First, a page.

Comedy is notoriously hard to translate, but apparently men are pigs in every language. At least, that’s what comes through in the Klown movies, based on the long-running Danish comedy series starring real-life famous comedians Frank Hvam and Casper Christensen as exaggerated versions of themselves. If you think that sounds like Larry David’s HBO sitcom Curb Your Enthusiasm, you’re correct. And the comparisons don’t stop there: Like Curb, Klown’s humor is based around its protagonists’ personal failings, and how those failings lead to awkward situations. There’s one key difference, though. On Curb, it’s Larry David’s neuroses that drive his frequent public humiliation. In Klown, the problem is more that Casper and Frank can’t keep it in their pants.
This blend of shock and cringe humor drove the duo’s first feature, 2010’s Klown, and is back for their new movie, Klown Forever. This time around, the action revolves around a friendship-testing trip to Los Angeles, where Casper suddenly, dramatically relocates early in the film, essentially ending his and Frank’s comedic partnership. Being a narcissist and a playboy by nature, Casper absolutely adores L.A.. Frank, on the other hand, has gotten even more timid and henpecked since the last time we saw him, an attitude that doesn’t gel very well with Casper’s celebrity neighbors. (Adam Levine, Isla Fisher, and Game Of Thrones’ Nikolaj Coster-Waldau all make cameos.) Soon, Casper delivers a devastating emotional blow to his longtime friend at a party, and Frank responds with an impulsive act whose consequences will be felt all the way back in Copenhagen.
The dynamic between the two men plays out in some outrageous and funny set pieces, like a trip to the pound to adopt a Great Dane that ends with an extended bestiality joke. But although both Hvam and Christensen are willing to quite literally bare all in the name of comedy, the blue streak is tempered with more subtle, character-based bits, like Frank’s flustered inability to find anything but mariachi stations on the radio in his rental car. This balance, it can be assumed, comes from Hvam and Christensen co-writing the screenplay, bringing each of their personal viewpoints into the story in the process.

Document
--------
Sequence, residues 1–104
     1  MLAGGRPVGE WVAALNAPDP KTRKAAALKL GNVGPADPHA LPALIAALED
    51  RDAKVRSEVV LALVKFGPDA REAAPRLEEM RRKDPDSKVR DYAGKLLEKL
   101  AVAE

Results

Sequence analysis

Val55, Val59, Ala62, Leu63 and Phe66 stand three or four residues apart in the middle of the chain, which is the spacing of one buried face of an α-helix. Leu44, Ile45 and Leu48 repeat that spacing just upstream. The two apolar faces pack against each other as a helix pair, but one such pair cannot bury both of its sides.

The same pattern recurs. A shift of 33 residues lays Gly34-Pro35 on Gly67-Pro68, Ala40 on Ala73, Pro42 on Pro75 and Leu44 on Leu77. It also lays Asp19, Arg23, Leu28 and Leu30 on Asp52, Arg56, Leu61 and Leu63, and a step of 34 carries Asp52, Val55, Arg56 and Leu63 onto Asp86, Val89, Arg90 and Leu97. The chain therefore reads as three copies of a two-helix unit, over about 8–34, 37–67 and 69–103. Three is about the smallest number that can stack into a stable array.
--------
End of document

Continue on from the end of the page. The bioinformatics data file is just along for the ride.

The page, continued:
While sometimes this specificity resonates, other times it’s alienating. Klown Forever is even less accessible to outsiders than the original, adding inside jokes that you really wouldn’t understand unless you saw the first movie—why Frank’s mother-in-law wears an eyepatch, for example—which is kind of a lot to ask of casual comedy fans. There are also some cultural references that don’t quite translate: Did you know that the “Lars” who shows up periodically throughout is Lars Hjortshøj, who appeared on a surrealist talk show with Hvam and Christensen back in the late ’90s? That’s okay, we didn’t either. That joke probably plays better in Denmark.
But that particular idiosyncrasy is inconsequential compared to the film’s sexual politics. Klown Forever occupies a tricky in-between space in this regard: Although the men’s cluelessness or crudity is always the punchline of the joke, the film does fall into the trap of portraying its female characters as either easily bedded sex objects or nagging killjoys. Frank’s wife Mia (Mia Lyhne) falls into the latter category, insisting on going through Frank’s phone every night and showing absolutely no sympathy for his emotional distress at losing his best friend and creative partner. Casper’s adult daughter Cille (Simone Colling) is the former, walking around in short-shorts and bikini tops and improbably, suggestively feeding fruit to her dad’s stodgy middle-aged friend. And toward the end of the film, there’s a sexual bargain made between Hvam and Christensen that would be all kinds of problematic if the movie didn’t call it off before it could actually happen.
And sure, Klown Forever does not claim to speak for all men, or even for the real Hvam and Christensen. The boorish behavior and broad caricatures are part of the joke, and to fail to acknowledge that is to miss the point. But when that same joke gets repeated over and over, after a while it’s not as funny anymore. If there’s to be a Klown Infinity, perhaps a fresh approach is required.